Put Content Creation in the Hands of Students
One shortcoming of virtual reality right now is the limited content available for classrooms, Ayoub says.
“We still hear content get called out quite a bit,” Ayoub says. “We need to make sure there’s a lot of content, and I would say good-quality content.”
While Ayoub says Microsoft is working with education giant Pearson and other collaborators to create more VR content for the classroom, there is another source: students.
With tools like Tinkercad and AutoCAD, students can create 3D objects and construct virtual worlds, offering experience in computer science skills and using the VR technology to immerse themselves in their education.
Encouraging students to be the masters of their own virtual experience allows them to explore VR’s limitless possibilities — and not doing so could be counterproductive, according to Donally.
“If we’re teaching students about the skills and the knowledge we think they need to have, then we’re doing them an injustice,” Donally explains. “They need to be directing those steps as well, and they need to be guiding us and directing us on what is powerful and what is needed in education.”
At Moore High School in Oklahoma, AP computer science students used their creativity and computer science skills to create virtual reality worlds for special needs students.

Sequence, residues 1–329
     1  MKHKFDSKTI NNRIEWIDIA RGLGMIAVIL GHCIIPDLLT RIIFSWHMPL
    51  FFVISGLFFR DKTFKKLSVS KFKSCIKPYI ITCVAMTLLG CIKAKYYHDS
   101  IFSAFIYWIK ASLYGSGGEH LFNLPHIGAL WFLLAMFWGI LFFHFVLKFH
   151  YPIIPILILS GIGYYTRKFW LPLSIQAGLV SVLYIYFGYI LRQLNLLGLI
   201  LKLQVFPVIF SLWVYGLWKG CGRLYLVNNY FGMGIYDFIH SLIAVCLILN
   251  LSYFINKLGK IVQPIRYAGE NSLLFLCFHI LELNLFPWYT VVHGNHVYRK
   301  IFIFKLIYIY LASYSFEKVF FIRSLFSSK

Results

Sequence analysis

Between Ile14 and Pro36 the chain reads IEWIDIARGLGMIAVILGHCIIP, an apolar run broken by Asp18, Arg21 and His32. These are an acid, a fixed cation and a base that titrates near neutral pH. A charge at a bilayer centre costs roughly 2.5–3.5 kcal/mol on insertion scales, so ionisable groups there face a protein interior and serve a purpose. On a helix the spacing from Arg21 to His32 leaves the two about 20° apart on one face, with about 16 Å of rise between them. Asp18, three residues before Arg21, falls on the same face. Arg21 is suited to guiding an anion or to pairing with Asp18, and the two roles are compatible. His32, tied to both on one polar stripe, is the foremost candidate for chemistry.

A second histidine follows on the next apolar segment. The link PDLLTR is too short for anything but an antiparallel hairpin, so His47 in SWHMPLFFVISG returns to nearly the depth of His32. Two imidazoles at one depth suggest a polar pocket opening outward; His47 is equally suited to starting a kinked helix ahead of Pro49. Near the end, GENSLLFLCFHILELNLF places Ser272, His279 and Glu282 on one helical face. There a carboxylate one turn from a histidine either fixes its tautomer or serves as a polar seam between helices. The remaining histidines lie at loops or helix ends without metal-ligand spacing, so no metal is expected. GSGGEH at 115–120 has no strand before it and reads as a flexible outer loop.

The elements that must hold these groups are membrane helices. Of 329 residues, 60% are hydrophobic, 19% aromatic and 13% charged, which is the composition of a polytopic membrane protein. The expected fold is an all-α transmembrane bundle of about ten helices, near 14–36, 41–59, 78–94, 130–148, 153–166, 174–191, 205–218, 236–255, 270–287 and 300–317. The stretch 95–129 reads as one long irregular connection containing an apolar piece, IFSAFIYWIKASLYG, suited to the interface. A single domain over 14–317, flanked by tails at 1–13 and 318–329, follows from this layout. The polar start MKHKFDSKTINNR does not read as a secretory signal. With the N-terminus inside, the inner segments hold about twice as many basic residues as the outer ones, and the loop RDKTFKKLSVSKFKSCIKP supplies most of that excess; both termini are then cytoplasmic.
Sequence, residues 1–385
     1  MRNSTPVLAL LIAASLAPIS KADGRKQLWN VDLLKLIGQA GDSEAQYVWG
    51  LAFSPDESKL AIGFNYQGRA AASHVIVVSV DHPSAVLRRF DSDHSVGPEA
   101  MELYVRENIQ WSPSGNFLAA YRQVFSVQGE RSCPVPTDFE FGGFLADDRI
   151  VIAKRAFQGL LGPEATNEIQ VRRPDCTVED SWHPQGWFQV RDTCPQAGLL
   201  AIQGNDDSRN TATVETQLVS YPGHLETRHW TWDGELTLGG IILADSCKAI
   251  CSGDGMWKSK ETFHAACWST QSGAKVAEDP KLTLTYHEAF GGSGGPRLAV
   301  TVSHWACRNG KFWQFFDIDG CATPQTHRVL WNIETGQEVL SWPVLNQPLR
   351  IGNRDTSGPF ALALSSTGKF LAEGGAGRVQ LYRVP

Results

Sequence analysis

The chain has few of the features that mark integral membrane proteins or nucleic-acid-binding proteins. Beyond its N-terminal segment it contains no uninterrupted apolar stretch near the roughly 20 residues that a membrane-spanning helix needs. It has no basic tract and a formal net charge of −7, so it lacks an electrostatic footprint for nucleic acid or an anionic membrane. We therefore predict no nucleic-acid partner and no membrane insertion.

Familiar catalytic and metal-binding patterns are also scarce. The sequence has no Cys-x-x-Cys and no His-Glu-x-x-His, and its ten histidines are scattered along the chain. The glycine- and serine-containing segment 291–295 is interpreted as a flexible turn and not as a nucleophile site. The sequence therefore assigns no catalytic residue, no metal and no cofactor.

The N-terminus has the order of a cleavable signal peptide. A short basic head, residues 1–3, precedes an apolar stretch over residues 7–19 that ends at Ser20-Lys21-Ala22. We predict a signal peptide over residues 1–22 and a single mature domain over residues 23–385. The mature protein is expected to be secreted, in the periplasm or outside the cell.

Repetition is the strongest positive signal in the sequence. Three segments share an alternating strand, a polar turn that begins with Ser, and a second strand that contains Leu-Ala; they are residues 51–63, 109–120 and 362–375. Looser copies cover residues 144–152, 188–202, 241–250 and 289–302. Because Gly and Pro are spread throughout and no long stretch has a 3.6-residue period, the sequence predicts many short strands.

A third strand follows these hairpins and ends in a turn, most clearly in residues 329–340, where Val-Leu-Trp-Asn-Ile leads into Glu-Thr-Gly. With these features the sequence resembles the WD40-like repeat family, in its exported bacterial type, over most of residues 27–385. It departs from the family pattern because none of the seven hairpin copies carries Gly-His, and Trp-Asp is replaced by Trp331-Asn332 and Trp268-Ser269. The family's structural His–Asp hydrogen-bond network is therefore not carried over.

The idea was born after watching a video of an engineer create waterproof wheelchairs for disabled children to go to water parks, Victor Rook, computer science teacher at Moore High School, tells The Oklahoman.
“A bell kind of rang with us that we’re already taking all these journeys in the virtual reality space, and we can take our special needs kids on these journeys without getting wet,” Rook says. “It’s a great chance for the AP computer science kids to do some service learning.”
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Have a Plan Before Going Virtual
While schools are finding success with VR implementation, attaining the outcomes teachers want means planning how to properly use the technology.
“I see [VR] being used wrong so often,” Donally says. “Implementation for this is critical for success.”
Similar to taking kids to a museum, if teachers do not explain the context of what you saw, then students will not take away the critical classroom goals teachers had in mind when setting up the trip, Donally explains.
“We do that with virtual reality, or augmented reality, too often,” Donally says. “We make these assumptions that because they went somewhere or because they did something, that they are going to pick up all the skills we expected them to.”
When working with teachers to construct an implementation plan, Donally encourages them to explore the specific needs of the school and the curriculum they have first, and then see how VR might improve their lessons.
However, VR alone is not enough to make these changes, according to Donally, and teachers should remember to use the tool as a supplement, not a main feature of the classroom.